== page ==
Procuring items for a place of business has often been a lengthy process in the past. Finding the item that the company needs, agreeing to terms in exchange for an item. Then, finally, acquiring the goods or services needed from the external source who had that good or service. Thankfully, contract lifecycle management software makes it easier to procure goods and services.
Addenda and amendments to contracts often contain critical details related to payment or performance. Too often these important contract elements are used incorrectly or overlooked. Learn when you should use an addendum and when an amendment is more appropriate.
The difference between a buy side contract and a sell side contract seems straightforward, contained within the terms themselves. "Buy side" contracts involves buying things, and "sell side" contracts enable sales to your customers. But few things are as simple as they seem, especially in business. Although the two sides are different in their purpose, they do share similarities that will be exposed as we dive deeper into the comparison.
Contracts are at the very heart of commerce – they often govern each and every dollar that comes in or goes out of an organization. And yet, using contract processes that are highly inefficient remains one of a business’ most common challenges.
For businesses that have grown beyond a certain size, efficiently managing contracts is a full-time responsibility.
The signatories of a contract have a lot on their plate during the document’s lifecycle. Among other tasks, the organization needs to ensure that it meets all deadlines, provides all deliverables, and adheres to all requirements outlined in the contract.
In order to handle these duties, many businesses hire one or more contract administrators. But what is a contract administrator exactly, and how do they carry out their daily responsibilities?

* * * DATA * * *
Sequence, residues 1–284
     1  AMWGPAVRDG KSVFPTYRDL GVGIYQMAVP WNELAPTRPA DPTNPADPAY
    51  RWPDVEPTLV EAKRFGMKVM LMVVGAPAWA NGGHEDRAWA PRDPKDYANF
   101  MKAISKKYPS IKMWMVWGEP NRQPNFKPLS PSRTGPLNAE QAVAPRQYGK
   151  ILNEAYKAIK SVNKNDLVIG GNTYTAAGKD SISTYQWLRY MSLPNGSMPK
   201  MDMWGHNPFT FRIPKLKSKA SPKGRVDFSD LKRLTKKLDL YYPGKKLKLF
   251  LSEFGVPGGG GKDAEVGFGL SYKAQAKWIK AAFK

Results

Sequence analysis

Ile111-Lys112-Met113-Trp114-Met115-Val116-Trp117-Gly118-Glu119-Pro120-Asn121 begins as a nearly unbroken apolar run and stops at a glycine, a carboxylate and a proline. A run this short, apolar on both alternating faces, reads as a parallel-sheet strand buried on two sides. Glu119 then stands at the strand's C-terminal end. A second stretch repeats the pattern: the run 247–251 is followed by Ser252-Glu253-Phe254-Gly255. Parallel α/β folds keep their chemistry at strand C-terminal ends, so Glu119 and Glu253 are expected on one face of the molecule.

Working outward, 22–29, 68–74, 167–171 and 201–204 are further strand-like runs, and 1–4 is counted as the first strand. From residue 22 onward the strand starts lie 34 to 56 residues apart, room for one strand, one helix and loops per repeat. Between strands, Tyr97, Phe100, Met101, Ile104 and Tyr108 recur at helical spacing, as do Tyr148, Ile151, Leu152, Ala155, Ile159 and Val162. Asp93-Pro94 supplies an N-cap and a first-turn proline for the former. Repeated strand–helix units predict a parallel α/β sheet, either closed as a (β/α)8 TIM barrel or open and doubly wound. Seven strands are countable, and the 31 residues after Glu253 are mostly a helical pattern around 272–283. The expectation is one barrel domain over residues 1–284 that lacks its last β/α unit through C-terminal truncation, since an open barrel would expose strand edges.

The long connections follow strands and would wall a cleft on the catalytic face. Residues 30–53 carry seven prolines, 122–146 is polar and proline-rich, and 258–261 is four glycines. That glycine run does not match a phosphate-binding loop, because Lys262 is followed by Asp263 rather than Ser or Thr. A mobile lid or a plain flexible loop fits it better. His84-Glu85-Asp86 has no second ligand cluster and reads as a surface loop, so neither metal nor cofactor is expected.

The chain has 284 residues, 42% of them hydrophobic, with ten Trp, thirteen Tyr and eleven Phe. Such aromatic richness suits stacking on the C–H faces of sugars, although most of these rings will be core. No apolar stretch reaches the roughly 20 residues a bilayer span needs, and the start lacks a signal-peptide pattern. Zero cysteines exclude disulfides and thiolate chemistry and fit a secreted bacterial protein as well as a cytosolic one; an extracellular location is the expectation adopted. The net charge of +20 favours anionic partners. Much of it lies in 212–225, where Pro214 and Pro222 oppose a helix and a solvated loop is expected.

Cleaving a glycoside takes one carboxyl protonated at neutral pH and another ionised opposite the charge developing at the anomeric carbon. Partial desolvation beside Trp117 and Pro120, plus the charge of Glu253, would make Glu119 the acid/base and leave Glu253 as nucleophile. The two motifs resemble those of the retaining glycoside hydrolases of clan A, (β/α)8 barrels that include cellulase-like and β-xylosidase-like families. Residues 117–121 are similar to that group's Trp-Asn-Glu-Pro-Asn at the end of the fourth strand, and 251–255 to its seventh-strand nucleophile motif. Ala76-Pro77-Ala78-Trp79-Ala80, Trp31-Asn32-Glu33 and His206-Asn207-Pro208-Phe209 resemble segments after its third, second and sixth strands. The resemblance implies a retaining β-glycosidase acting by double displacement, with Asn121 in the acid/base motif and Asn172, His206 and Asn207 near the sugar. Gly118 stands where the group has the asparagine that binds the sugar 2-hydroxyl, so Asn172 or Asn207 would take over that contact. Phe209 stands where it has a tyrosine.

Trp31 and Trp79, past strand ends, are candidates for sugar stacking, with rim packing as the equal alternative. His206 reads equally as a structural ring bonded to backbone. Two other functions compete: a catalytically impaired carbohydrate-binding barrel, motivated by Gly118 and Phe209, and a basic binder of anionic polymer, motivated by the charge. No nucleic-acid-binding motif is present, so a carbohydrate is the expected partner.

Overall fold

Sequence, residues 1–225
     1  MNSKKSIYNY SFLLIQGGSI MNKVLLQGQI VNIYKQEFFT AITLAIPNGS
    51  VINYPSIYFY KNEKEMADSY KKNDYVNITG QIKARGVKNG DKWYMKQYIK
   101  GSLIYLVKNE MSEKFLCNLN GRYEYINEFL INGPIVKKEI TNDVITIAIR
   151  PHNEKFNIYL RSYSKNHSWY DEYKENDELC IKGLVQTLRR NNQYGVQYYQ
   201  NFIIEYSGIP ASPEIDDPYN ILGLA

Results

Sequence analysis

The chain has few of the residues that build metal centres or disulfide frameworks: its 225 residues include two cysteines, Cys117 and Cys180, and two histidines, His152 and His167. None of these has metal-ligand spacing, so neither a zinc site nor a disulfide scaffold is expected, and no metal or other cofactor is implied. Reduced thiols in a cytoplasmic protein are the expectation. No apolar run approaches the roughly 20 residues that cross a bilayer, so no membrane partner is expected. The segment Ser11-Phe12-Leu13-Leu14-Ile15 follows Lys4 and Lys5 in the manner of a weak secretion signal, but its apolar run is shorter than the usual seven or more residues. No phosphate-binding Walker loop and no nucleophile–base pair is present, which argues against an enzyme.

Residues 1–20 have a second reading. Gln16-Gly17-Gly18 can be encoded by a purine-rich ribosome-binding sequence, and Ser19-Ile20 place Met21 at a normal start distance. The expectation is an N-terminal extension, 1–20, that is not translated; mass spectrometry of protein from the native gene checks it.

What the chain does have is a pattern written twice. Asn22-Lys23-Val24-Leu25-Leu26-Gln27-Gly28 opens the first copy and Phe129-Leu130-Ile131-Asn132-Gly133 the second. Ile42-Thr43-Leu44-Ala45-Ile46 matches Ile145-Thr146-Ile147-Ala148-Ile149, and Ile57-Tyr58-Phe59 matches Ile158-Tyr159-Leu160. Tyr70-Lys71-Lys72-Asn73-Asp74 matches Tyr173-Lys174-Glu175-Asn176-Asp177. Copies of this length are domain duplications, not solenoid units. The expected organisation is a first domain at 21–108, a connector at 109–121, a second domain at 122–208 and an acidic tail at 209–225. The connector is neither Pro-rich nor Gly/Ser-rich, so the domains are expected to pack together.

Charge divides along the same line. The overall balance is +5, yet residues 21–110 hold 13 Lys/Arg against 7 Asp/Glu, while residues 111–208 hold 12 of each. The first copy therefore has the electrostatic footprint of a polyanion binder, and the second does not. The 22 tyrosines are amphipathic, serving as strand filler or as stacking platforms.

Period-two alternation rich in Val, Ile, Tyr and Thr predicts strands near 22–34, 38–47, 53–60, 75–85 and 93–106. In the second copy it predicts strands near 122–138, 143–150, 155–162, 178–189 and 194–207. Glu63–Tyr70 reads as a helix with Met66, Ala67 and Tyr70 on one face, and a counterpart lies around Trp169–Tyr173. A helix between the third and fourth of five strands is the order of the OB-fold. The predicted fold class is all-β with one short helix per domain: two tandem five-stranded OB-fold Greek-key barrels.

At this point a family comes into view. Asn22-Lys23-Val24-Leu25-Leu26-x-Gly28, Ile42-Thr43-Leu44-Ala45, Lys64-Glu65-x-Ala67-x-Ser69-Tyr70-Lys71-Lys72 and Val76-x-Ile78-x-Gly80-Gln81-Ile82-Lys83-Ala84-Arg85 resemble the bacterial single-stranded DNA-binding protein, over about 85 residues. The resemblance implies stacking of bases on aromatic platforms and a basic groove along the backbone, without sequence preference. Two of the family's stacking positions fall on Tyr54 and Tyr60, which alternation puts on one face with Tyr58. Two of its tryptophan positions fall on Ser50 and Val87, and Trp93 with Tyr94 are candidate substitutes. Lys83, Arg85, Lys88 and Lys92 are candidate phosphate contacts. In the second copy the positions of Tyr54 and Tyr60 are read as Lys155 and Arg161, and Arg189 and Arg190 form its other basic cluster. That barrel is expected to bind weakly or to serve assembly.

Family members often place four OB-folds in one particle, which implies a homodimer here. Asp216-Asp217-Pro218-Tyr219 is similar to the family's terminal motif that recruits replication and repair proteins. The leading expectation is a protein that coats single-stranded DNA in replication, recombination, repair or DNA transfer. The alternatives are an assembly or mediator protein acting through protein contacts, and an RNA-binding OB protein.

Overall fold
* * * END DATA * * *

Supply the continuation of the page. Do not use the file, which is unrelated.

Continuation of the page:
A contract is an agreement that imposes obligations on both parties. But when does a back-and-forth negotiation turn into a contract that holds up in court? Legislation and past cases have developed many essential rules that every business owner should know.
Companies enter into contracts as a routine part of business. But some contractual elements could put your business at risk for breach of contract, negative financial consequences and more.
“Initiate a proper handshake and the whole world opens up for you.” ― James D Wilson
Contracts form the cornerstone of your business. They are formal promises between parties, essential agreements that govern every aspect of your daily operations. Contracts are not simply legal technicalities: They can also set the tone of a relationship. Choosing to uphold your responsibilities in a contract, and the actions you take when obligations are not met, both say a lot about how you do business.
An eContract, or electronic contract, is a legal document created and signed online. It is essentially a digital version of a traditional paper contract. As with paper contracts, eContracts are agreements signed by two parties. They are enforceable and legally binding documents that are typically used regarding employment, sales, services, or tenancy. With a typical paper contract, one party drafts an “offer” and the other party reads over it. If both parties agree to the terms and conditions listed in this initial offer, they will each sign the document and it becomes a valid contract. Each party must hold up to their end of the agreement or they face the risk of legal recourse. This is no different with an eContract. Although a paper copy is not presented, a digital signature still enters both parties into a legal agreement.